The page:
You can also send your post here, as well as express interest in hosting a future carnival.

You can see all the previous Blog Carnivals here.

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July 18, 2013
by Larry Ferlazzo
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Shocker To All Second Language Teachers: “Singing can help when learning a foreign language”

Results of a new study will come as no surprise to anyone who teaches a second language: “Singing can help when learning a foreign language.”

Of course, having a little more research to back you up if people question the melodic tones coming from your classroom can’t hurt. Even more info on the study is here.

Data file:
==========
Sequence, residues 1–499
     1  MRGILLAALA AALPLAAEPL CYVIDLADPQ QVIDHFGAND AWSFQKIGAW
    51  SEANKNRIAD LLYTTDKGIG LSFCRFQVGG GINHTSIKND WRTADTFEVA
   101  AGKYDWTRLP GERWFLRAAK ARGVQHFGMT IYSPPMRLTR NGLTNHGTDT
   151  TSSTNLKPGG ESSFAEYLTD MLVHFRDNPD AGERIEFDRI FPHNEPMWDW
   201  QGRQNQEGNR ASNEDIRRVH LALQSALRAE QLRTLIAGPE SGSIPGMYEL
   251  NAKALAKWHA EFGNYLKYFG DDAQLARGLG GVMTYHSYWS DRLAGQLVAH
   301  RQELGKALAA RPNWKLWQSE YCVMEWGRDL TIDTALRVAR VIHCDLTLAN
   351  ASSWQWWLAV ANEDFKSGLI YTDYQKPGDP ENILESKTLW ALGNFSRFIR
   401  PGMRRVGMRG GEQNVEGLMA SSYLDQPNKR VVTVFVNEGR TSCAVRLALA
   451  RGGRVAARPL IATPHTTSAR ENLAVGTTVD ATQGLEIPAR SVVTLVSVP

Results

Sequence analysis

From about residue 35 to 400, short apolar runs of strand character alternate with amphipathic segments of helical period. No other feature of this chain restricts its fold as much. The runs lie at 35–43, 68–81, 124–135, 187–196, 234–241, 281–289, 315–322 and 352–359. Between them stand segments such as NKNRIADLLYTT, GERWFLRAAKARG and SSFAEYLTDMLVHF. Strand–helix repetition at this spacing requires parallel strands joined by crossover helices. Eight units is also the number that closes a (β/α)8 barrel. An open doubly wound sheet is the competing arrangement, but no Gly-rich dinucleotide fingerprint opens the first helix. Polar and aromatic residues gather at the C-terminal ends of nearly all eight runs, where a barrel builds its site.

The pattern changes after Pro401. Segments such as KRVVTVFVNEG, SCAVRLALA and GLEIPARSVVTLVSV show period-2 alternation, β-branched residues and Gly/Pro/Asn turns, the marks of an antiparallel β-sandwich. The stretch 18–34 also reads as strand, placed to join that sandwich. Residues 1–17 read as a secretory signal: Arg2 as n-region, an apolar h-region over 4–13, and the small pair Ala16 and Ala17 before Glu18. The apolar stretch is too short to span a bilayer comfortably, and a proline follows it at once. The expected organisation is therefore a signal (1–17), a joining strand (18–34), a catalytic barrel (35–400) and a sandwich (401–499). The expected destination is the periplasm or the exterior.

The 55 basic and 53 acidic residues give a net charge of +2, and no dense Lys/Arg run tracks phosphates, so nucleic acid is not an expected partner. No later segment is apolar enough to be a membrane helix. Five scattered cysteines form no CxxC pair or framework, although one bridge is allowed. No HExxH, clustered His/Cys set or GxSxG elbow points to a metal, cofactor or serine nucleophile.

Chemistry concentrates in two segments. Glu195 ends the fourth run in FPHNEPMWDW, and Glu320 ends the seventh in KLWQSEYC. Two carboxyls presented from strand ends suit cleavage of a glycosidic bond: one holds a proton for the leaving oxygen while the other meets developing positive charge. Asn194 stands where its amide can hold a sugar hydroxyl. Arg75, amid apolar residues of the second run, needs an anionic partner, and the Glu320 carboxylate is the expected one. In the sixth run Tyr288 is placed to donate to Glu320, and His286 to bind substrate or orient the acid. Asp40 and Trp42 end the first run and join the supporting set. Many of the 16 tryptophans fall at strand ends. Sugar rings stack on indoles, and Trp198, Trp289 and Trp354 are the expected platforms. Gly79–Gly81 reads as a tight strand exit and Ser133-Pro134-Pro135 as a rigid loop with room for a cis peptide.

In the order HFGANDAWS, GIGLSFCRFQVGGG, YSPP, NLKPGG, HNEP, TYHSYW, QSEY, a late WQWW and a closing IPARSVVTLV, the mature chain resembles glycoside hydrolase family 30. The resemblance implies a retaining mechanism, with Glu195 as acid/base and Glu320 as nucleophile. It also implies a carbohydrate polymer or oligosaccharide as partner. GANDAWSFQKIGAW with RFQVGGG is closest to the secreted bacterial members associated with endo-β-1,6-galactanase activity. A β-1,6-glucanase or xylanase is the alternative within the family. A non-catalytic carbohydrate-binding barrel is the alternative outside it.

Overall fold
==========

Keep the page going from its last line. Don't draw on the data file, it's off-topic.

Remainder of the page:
I’m adding this to The Best Music Websites For Learning English.

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July 17, 2013
by Larry Ferlazzo
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“ColAR” Could Be The Coolest Tablet App Out There, & Here’s How I Would Use It In Class

'Crayon Lineup' photo (c) 2007, laffy4k - license: http://creativecommons.org/licenses/by/2.0/

ColAR is an extraordinary free app that TechCrunch just wrote about (see ColAR Uses Augmented Reality To Bring Your Kid’s Drawing To Life). It’s free, and lets you print out coloring pages from their site, color them in, look at them through the tablet app, and they come alive.

Watch this video and prepare to be mesmerized:

I could see English Language Learners, and other students, color in the pictures and then create a story based on the augmented reality version.

Other ideas?

I’m certainly adding it to The Best Resources For Beginning iPad Users.